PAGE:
The problem is that, as Ambalavaner Sivanandan famously put it, “racism does not stay still.” The politics of capitalist crisis, national security, migration and borders, and ethno-nationalist and populist mobilization touched on in the book are dynamic, and also contested. Consequently, the racisms shaped and given material and political expression by this dynamism and contestation do not map onto the constricted and hegemonic “definition” of racism discussed above. However, postracialism does not just hinge on a limited understanding of racism, but on substantive control over its meaning. This openly conflicts with the insistence, in anti-racist movements and scholarship, on the historical, political, and contested nature of racism.
This is where “freedom of speech” comes into my book’s argument, as free speech politics is mobilized in this antagonism in two ways. Firstly, anti-racist attempts to capture the changing forms and politics of racism inevitably refuse closure on its supposedly settled meaning. This makes it easy to cast them as chilling free expression by marshaling the moral force of racism as an “accusation,” shutting down open debate by “bringing race into everything,” or defining “everything as racism.” In practice, this postracial closure on the meaning of racism radically constricts the ways in which those who experience and struggle against forms of racism can speak, contest, and be heard in public culture.
At the same time, an apparently contradictory thing happens. The postracial conviction that racism is primarily a matter of attitudes and ideas, rather than an active material and historical force, opens up public space for the rejuvenation of racist discourse:
If the “pastness” of racism requires sticking to the “accepted meaning” of racism, it is also taken as licence to position racialized knowledge, artefacts and discourses as innocent-once-more, valid subjects of open debate and enquiry because we are all over race.
This intersection of closure (on the meaning of racism) and openness (to the contents of racist discourse) is politically generative. Closure on the accepted meaning of racism is accompanied by concerted attempts to rehabilitate racist discourse as nothing more than ideas, ideas that should not be “arbitrarily” excluded from the putative marketplace of ideas. This studiously amnesiac openness is, for example, the signature move of the so-called “intellectual dark web” and well-resourced ideological networks that seek to launder racializing discourse while marking their distance from the “accusation” of racism. Moreover, this occurs in a digital media culture structured by the endless circulation of content, an infrastructure predicated on opening up issues and controversies over and over again.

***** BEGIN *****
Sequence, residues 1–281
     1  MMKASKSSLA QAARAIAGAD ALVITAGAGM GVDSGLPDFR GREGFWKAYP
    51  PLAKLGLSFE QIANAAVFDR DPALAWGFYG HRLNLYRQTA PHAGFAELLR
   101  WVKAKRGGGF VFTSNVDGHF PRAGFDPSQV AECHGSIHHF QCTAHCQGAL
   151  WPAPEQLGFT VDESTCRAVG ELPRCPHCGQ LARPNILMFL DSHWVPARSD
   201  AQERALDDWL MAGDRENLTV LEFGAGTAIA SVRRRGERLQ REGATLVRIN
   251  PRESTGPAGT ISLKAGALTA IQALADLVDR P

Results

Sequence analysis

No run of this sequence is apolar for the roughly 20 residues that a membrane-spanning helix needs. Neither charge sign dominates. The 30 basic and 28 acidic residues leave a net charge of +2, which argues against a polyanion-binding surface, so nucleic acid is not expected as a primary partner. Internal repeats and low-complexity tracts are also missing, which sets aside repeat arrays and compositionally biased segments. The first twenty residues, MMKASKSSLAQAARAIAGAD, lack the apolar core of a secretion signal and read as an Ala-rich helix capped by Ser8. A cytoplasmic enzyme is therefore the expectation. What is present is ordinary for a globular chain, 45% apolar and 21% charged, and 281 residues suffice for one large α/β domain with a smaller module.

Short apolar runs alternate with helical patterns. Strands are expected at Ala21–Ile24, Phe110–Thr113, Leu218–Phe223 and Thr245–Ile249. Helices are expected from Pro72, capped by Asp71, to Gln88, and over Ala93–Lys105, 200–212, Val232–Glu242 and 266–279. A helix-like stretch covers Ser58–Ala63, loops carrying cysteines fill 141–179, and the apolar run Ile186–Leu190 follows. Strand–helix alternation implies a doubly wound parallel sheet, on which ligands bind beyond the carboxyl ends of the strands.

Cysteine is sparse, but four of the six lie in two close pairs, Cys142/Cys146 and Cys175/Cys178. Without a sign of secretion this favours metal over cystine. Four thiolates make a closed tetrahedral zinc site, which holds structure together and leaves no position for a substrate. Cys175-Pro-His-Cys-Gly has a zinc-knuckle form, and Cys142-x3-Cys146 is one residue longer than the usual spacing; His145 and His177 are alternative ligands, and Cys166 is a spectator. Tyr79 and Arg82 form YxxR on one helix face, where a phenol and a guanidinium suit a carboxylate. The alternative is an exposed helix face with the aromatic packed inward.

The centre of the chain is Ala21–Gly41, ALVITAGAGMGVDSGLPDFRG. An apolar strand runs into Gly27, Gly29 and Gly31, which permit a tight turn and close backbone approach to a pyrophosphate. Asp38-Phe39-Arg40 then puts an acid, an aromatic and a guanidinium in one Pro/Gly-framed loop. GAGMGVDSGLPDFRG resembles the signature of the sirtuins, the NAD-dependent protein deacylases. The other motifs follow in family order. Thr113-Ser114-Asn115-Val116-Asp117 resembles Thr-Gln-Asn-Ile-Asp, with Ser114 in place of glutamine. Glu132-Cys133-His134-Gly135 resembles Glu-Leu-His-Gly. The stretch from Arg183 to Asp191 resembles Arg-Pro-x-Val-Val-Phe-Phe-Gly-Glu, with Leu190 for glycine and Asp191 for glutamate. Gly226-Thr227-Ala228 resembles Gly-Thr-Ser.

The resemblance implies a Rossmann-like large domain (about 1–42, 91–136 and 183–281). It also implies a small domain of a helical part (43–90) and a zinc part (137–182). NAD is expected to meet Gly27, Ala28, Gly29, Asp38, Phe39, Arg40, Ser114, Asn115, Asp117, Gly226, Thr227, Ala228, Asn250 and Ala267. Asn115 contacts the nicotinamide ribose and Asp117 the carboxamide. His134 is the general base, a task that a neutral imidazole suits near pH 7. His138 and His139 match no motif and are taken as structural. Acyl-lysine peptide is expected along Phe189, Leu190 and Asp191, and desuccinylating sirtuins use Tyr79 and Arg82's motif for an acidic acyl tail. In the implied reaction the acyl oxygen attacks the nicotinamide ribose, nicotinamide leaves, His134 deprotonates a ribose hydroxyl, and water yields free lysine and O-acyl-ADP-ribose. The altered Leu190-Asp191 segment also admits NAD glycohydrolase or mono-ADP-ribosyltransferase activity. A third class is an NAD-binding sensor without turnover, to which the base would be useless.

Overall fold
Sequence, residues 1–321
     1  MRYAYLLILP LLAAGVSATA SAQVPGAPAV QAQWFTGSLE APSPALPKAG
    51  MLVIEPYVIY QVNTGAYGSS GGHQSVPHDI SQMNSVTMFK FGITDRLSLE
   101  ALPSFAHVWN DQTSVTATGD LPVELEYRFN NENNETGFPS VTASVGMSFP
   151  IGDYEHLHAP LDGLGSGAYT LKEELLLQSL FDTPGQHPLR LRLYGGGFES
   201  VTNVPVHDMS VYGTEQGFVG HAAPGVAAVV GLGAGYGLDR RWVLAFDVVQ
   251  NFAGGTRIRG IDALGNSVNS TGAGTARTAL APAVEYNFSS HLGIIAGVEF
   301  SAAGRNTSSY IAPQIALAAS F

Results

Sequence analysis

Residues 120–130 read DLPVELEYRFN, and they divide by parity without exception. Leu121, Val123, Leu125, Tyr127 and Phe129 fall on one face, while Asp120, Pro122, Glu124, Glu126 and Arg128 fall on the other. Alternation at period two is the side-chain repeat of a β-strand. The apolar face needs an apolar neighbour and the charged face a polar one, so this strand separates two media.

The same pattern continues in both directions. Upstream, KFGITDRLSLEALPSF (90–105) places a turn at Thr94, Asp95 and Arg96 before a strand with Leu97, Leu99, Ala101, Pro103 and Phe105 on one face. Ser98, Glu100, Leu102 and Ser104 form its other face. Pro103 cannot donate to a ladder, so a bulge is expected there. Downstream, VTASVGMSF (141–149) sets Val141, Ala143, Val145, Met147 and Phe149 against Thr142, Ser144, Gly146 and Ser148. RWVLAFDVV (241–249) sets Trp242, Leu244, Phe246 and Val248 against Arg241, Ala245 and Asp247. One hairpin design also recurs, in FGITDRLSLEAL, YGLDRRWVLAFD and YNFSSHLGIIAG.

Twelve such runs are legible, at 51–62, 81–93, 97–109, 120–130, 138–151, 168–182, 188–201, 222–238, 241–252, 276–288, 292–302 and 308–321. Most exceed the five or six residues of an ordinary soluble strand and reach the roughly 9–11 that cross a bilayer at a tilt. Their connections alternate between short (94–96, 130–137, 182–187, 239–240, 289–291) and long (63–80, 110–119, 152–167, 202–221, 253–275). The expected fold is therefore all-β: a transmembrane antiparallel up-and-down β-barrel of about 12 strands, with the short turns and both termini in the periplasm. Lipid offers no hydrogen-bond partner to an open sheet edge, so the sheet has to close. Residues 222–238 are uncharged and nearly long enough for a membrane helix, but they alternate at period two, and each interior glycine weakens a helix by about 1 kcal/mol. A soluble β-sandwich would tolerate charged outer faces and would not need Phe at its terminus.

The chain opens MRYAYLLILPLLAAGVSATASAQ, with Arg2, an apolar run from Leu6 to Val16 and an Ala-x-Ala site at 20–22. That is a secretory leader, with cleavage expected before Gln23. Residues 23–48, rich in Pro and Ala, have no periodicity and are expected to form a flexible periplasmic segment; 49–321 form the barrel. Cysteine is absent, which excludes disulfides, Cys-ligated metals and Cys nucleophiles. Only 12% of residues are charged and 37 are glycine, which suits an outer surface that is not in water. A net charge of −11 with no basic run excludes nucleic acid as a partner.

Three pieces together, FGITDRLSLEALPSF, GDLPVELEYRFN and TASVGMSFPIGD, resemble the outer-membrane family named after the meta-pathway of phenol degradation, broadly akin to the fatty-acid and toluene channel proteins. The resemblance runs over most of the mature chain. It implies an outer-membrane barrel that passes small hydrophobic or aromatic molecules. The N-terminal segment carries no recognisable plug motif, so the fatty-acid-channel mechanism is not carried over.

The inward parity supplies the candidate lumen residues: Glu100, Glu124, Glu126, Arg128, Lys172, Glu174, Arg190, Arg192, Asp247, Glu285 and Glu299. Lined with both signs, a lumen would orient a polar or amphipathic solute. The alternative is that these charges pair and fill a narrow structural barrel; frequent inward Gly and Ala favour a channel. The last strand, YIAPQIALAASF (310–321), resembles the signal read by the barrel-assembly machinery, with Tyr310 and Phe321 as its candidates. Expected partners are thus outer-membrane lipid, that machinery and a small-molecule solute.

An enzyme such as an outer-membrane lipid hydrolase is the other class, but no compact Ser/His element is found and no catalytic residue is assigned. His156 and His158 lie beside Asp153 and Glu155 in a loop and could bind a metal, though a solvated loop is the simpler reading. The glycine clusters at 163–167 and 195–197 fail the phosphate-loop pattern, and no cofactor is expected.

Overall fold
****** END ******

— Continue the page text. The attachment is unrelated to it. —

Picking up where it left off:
This central examination of postracialism and the public politics of racism and anti-racism takes up half of the book, and it is entirely neglected in Rohde’s discussion, and this inevitably produces misrepresentation. There are two probable reasons for this. Firstly, Rohde fully reproduces the understanding of racism that I critique in the book, summarizing his understanding of what is at stake in the book as: “If free speech is based on the pursuit of truth and racism is universally known to be false, then there is nothing further to pursue, and racism is automatically disqualified from its status as free speech.” This is a bewildering reading. Whatever the merits of my argument, it is the political problems produced by the ahistorical, postracial contention that racism is nothing more than bad ideas “universally known to be false” that are at the heart of the book.
Secondly, Rohde explicitly refuses to accept a basic premise of my overall argument, flagged from the very first page, that contemporary debates about freedom of speech are not just about the “limits of speech” and the normative and legal status of restrictions on speech, but are also conflictual processes about the legitimacy and status of particular kinds of speech, and the conflicted nature of their public reception. I suggest that so-called “free speech crises” are better understood as a genre of public controversy, spectacles that give expression to the antagonisms and complexities of contemporary publics, uneven struggles over who can speak and who is heard. These established tensions and conflicts are being transformed by the density, speed, and abundance of digital communications. These transformations pose questions for how we understand “speech,” its relation to the circulation of ideas and “debate,” and its political significance as democratic action. Rohde side-steps this entire discussion of the contemporary production and circulation of ideas-as-content and simply reaffirms that “all ideas must be protected.” What does that mean, for example, when “ideas” are produced as media noise and political disruption by machines and content farms?